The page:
The title of episode 2 of the new season of Stranger Things is “Mall Rats” and if you’ve seen it, you know there’s a double entendre since there’s an abundance of the actual four-legged creatures in animated forms as well as teenagers at the fictional “Starcourt Mall.”
I grew up with a mall as my downtown. In King of Prussia, Pennsylvania, the mall was where we worked, socialized, shopped, ate, saw movies—it was home away from home. I walked there, through a cemetery and across train tracks and a major highway, taking the bus home some nights if I splurged. But the nation’s biggest shopping mall in the United States (measured in leasable space) was my childhood hometown, and particularly my teenage years. (I wrote once about how much it’s changed over time).
I’d seen Stranger Things previews depicting the mall, and wasn’t disappointed when the season came out. In general, from the rainbow sheets I had as a kid, to the slightly-outdated milk glass Bicentennial mug at the small-town newspaper office, to the Jazzercise outfits, the efforts the directors took to create an accurate time period are on point. But the shopping mall recreation is incredible in its attention to detail. Even the fictional “Scoops Ahoy” ice cream shop just reminds me of working at Friendly’s in my blue and white checked polyester dress during high school, right in front of a mall fountain just like they have in the show.
The mall in Stranger Things is a real mall in Georgia. There’s a “mall historian” who feels they did a great job recreating the mall for the series, evidenced in the fictional commercial popularly used as a trailer for the season that premiered on July 4. Honestly, in that linked mall article I’m not sure the “historian” has ever seen Stranger Things, but they wax on about the impact of malls on society (for some reason, yawn) and at least agree about the fictional commercial being spot on.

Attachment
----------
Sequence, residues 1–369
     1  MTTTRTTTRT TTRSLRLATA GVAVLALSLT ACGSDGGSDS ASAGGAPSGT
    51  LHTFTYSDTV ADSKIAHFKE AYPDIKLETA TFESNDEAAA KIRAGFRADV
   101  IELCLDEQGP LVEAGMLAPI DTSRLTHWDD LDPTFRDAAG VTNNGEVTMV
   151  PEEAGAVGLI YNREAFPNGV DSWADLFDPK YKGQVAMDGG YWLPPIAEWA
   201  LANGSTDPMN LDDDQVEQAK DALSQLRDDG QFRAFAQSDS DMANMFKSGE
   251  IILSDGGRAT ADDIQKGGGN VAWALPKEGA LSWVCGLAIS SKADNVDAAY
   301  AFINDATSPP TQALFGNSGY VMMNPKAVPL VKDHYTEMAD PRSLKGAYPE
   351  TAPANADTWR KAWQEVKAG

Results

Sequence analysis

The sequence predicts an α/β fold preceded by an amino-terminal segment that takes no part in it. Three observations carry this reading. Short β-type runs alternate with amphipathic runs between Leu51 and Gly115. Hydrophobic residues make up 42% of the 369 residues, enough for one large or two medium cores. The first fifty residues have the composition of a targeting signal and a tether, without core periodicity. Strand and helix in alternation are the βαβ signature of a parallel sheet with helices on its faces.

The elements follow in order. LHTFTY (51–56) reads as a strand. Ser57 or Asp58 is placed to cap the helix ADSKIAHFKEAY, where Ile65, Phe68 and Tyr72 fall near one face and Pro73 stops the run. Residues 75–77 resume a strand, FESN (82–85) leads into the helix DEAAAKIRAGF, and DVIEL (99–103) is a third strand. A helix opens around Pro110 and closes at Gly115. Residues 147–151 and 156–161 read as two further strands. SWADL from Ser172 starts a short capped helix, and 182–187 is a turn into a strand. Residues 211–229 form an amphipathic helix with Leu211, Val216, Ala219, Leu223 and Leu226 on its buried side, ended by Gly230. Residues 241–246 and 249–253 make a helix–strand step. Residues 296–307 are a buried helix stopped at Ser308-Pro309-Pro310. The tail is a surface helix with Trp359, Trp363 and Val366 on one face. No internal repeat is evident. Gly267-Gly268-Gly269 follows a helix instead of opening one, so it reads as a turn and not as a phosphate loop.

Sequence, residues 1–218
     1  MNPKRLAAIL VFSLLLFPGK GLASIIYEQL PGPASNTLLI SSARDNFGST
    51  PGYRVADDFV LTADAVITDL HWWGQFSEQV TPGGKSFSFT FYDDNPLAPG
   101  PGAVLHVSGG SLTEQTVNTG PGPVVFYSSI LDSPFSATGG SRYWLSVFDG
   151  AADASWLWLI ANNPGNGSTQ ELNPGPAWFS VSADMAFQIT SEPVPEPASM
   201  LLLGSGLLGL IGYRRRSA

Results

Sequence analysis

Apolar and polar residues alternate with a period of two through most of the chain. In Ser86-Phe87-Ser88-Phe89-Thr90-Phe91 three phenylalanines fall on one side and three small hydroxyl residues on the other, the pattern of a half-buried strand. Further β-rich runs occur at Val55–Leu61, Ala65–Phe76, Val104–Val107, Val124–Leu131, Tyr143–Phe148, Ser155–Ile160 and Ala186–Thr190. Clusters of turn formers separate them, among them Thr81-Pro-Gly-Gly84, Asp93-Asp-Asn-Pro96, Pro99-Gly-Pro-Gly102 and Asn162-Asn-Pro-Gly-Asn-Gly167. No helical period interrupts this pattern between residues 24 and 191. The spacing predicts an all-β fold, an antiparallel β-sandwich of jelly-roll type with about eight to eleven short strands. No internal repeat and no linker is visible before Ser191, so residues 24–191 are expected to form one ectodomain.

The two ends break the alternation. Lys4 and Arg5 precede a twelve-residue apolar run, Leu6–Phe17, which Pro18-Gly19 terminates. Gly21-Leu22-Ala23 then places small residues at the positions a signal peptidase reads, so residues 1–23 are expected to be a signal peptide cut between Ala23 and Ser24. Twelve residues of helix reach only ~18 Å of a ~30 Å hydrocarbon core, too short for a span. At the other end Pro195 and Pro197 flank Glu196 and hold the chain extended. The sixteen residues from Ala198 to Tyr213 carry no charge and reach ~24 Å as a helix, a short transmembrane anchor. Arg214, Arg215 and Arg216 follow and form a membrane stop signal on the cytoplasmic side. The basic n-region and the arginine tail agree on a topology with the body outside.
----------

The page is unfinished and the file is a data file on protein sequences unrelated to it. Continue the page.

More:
From the depiction of the Sam Goody’s, Waldenbooks and other now-defunct stores to the careful recreation of the vintage logos on the Burger King and JCPenney, the “opening soon” signs on the Taco Bell and the Esprit store, and other store shots like The Great Cookie and Wicks & Sticks accurately depict their original appearances. True nostalgia for any kid who grew up around a mall, regardless of your interest in the sci-fi show, which I happen to love.
Its setting feels like 1985 because it has been precisely recreated in a real-life mall’s abandoned section. For fictional Starcourt Mall, the real-life Gwinnett Mall in Duluth, Georgia interior vacant wing was renovated for Stranger Things. (After filming, the abandoned mall set was left intact for awhile but has recently been dismantled due to fans showing up). Executive Producer Shawn Levy told Entertainment Weekly:
“Everything you see in season 3 is real, which allowed for big, long continuous takes from outside to inside, etc. But if you walked 50 yards in one direction, there were actual real 2019 people shopping at contemporary stores. So it was very surreal.”
It’s surreal, but striped tube socks, Madonna-on-the-boom-box and all, I’m loving the realistic trip back to being a teenager.